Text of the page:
FALL SERIES (BalletX): Stellar ballet

Photo by Vikki Sloviter Photography

It might be billed as BalletX’s “Fall Series,” but the two-piece program onstage at the Wilma Theater through December 15 is delightfully and unexpectedly a holiday show.

Artistic director Christine Cox asked the choreographers—company cofounder and resident choreographer at Pennsylvania Ballet Matthew Neenan and cross-genre Norwegian creator Jo Strømgren—to “play around with the holidays.” The result is far from the traditions of The Nutcracker or the saccharine feel-good one expects from festive fare. Instead, we get space travel and seasonal depression, beautifully and expressively danced by an impressive corps de ballet.

Photo by Bill Hebert

Neenan’s Twelve Bells explores the less talked-about aspects of holiday times in a series of short pieces set to lovely live music by Rosie Langabeer (piano, vocals) and Tara Middleton (xylophone, vocals) accompanied by bassist Josh Machiz. Langabeer sings about the struggle to “get through December” and attending “a very special day… for somebody… else.” Dancers parade across the floor, all false smiles and empty shopping bags. We’re seeing how the joy of others and expectation of togetherness can feel so alienating to the lonely at this time of year.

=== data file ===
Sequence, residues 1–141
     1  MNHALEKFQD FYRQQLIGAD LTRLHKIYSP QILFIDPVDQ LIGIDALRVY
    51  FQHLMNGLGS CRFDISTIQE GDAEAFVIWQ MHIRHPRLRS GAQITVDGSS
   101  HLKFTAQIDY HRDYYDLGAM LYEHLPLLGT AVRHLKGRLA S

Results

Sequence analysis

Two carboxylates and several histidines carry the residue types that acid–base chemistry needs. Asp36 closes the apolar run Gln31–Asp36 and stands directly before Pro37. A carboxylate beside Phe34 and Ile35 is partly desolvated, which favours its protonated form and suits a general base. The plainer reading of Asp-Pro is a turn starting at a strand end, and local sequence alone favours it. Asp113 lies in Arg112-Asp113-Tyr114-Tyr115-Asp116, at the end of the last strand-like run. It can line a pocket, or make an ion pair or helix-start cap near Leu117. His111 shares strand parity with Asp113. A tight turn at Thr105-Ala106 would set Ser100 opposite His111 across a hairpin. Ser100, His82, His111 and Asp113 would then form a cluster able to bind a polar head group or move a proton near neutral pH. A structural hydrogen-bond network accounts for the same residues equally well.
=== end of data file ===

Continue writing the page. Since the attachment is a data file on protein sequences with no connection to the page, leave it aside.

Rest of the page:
The work culminates in a holiday party, if your holiday party was populated by beautiful, unreasonably athletic folk who moved like they were given the gift of dance by Santa himself. Bells become drinking cups (Richard Villaverde even incorporates elements of drunkenness into his movements) and then become bells again, the ringing highlighting the steps of Neenan’s choreography. Twelve Bells is an excellent, communicative work by a fine choreographer.

Better known to me as a playwright, Strømgren sprinkles his world premiere piece, The Moon, with snippets of dialog from two astronauts. The theatrical elements are thin—trying to get back home for the holidays despite depleted oxygen and uncertain relationships on earth—but the conceit complements and contrasts the choreography.

At times, the dancers enact the feelings of the travelers drifting in space, their movements communicating more that the dancer-actors can with words. At times, the projected images of stars and travel across space contrast with the grounded movements of the dancers.

BalletX’s Fall Series is a soothing spirit for the wintertime blues, both because it lifts us through the beauty of its choreography and dance and because it understands that sometimes people need lifting at this time of year.

[BalletX at the Wilma Theater] December 4-15, 2019; balletx.org

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